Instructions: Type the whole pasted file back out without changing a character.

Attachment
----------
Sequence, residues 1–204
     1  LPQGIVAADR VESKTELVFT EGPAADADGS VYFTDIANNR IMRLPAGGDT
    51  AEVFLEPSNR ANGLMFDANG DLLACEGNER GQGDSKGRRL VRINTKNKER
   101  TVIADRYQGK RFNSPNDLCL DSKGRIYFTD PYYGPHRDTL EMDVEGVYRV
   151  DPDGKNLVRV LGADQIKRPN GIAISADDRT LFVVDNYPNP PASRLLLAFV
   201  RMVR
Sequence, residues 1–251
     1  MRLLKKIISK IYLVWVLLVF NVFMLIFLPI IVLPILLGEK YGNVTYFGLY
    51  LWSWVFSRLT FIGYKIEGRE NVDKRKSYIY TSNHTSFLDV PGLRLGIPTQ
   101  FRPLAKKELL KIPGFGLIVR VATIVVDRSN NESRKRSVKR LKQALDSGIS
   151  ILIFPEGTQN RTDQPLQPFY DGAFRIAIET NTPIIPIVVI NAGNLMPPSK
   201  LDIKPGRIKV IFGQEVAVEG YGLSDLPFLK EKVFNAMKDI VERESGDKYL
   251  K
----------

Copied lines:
Sequence, residues 1–204
     1  LPQGIVAADR VESKTELVFT EGPAADADGS VYFTDIANNR IMRLPAGGDT
    51  AEVFLEPSNR ANGLMFDANG DLLACEGNER GQGDSKGRRL VRINTKNKER
   101  TVIADRYQGK RFNSPNDLCL DSKGRIYFTD PYYGPHRDTL EMDVEGVYRV
   151  DPDGKNLVRV LGADQIKRPN GIAISADDRT LFVVDNYPNP PASRLLLAFV
   201  RMVR
Sequence, residues 1–251
     1  MRLLKKIISK IYLVWVLLVF NVFMLIFLPI IVLPILLGEK YGNVTYFGLY
    51  LWSWVFSRLT FIGYKIEGRE NVDKRKSYIY TSNHTSFLDV PGLRLGIPTQ
   101  FRPLAKKELL KIPGFGLIVR VATIVVDRSN NESRKRSVKR LKQALDSGIS
   151  ILIFPEGTQN RTDQPLQPFY DGAFRIAIET NTPIIPIVVI NAGNLMPPSK
   201  LDIKPGRIKV IFGQEVAVEG YGLSDLPFLK EKVFNAMKDI VERESGDKYL
   251  K